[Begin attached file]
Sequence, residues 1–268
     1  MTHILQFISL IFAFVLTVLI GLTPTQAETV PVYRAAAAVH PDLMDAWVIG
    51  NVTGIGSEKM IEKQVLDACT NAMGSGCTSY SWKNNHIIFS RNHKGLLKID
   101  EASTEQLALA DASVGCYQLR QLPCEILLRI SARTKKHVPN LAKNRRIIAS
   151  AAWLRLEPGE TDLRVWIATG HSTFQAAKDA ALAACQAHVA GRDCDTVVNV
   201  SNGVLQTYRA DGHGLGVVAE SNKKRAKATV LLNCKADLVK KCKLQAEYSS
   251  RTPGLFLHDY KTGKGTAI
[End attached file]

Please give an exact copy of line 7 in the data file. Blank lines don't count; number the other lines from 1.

   251  RTPGLFLHDY KTGKGTAI